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Attacks/Breaches

4/28/2016
12:00 PM
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10 Newsmakers Who Shaped Security In the Past Decade

In celebration of Dark Reading's 10th anniversary, we profile ten people whose actions influenced and shaped the trajectory of the industry - for better or for worse -- in the past ten years.
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Other Newsmakers

In addition to the ten newsmakers we have profiled here, we wanted to give a shout-out to a few others who made the headlines, both good and bad:

Anonymous: The hacktivist collective was in its heyday in 2010 and 2011, waging crowdsourced distributed denial-of-service (DDoS) attacks against all kinds of targets. It hit Sony, MasterCard, Visa PayPal, Bank of America, and Amazon, as part of its so-called Operation Payback campaign of retaliation for those companies blocking donations to the WikiLeaks website. The group splintered into various segments, including one particularly aggressive one called LulzSec which preferred hacking into and doxing its targets and them dumping their emails, passwords, and other sensitive information. Among their targets were HBGary Federal and FBIs InfraGard. Key members of LulzSec were arrested, and its leader, Sabu, became an FBI informant and ultimately helped derail the operation.

Various regional Anonymous groups still exist and operate, but at nowhere near the extent the Anons operated in the early days.

Jeff Moss, aka Dark Tangent: Moss, who founded the massive DEF CON hacker conference as well as Black Hat, not only has helped steer and nurture white-hat hacking efforts, but also has lent a hand to the federal government with his cybersecurity work on the US Department of Homeland Security Advisory Council, and served the Internet community as CSO of Internet Corporation for Assigned Names and Numbers (ICANN). Moss continues to run DEF CON and is involved with the Black Hat conference.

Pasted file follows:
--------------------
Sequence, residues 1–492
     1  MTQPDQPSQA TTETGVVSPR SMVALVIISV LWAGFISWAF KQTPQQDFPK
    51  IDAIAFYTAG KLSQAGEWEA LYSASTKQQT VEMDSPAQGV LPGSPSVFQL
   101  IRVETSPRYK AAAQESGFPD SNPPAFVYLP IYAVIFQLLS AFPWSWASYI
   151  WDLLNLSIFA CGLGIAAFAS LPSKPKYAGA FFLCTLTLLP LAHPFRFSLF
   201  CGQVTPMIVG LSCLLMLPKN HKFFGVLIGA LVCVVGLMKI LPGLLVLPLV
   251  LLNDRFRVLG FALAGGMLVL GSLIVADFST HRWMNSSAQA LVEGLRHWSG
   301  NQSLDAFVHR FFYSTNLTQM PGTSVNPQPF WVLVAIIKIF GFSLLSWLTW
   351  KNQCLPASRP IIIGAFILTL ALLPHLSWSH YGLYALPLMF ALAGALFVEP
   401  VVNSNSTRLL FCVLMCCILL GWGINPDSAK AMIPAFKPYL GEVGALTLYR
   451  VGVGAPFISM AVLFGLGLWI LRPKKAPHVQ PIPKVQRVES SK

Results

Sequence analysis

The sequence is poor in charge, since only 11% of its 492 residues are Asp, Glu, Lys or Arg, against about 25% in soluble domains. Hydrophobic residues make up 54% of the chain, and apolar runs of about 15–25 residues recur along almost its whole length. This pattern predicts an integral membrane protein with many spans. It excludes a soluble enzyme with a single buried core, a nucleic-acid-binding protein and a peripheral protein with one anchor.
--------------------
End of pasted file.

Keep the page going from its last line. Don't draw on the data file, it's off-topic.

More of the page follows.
Jeremiah Grossman and Robert RSnake Hansen: Web security pioneer Grossman recently left WhiteHat Security, the web security services firm he founded in 2001 and is working on some as-yet undisclosed projects. He and Hansen, a renowned white hat hacker, helped shine light on so-called clickjacking attacks on the Web with their research, as well as critical browser flaws. Hansen in 2009 also created the so-called Slowloris attack, where a single computer can take down a Web server in a distributed denial-of-service attack using a small amount of bandwidth.

Chris Wysopal: Wysopal, aka Weld Pond of the famed L0pht hacker group that so famously informed Congress in the 1990s that they could take down the Internet, went from white hat hacker to software security advocate, launching application security testing service provider Veracode in 2007. Wysopals goal was to make it more cost-effective for software security testing using binary analysis.

General Keith Alexander, former NSA Director: The Snowden leaks happened on Alexanders watch, and the then-NSA director found himself in the hot seat with the security industry just one year after he had wowed and wooed them as the keynote speaker at DEF CON in 2012, where he commended the talent in the room and urged the security community to help the feds strike a balance between privacy and security. Alexander faced a more skeptical audience when he keynoted Black Hat 2013 and spoke in rare detail about how the intelligence agency's recently leaked surveillance programs had helped the agency and the FBI "connect the dots" and stop terrorists and terrorist plots. He said he wanted to set the record straight on reports about secret NSA spying activities, and to get the industrys input on how to protect civil liberties while protecting national security.

Image Source: Adobe Stock

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